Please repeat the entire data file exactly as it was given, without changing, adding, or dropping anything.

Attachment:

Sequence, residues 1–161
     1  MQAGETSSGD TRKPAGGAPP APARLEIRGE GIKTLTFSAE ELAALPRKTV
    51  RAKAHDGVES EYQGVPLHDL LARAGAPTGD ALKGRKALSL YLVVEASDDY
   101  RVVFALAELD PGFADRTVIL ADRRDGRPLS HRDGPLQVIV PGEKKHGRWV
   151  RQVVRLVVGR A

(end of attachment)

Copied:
Sequence, residues 1–161
     1  MQAGETSSGD TRKPAGGAPP APARLEIRGE GIKTLTFSAE ELAALPRKTV
    51  RAKAHDGVES EYQGVPLHDL LARAGAPTGD ALKGRKALSL YLVVEASDDY
   101  RVVFALAELD PGFADRTVIL ADRRDGRPLS HRDGPLQVIV PGEKKHGRWV
   151  RQVVRLVVGR A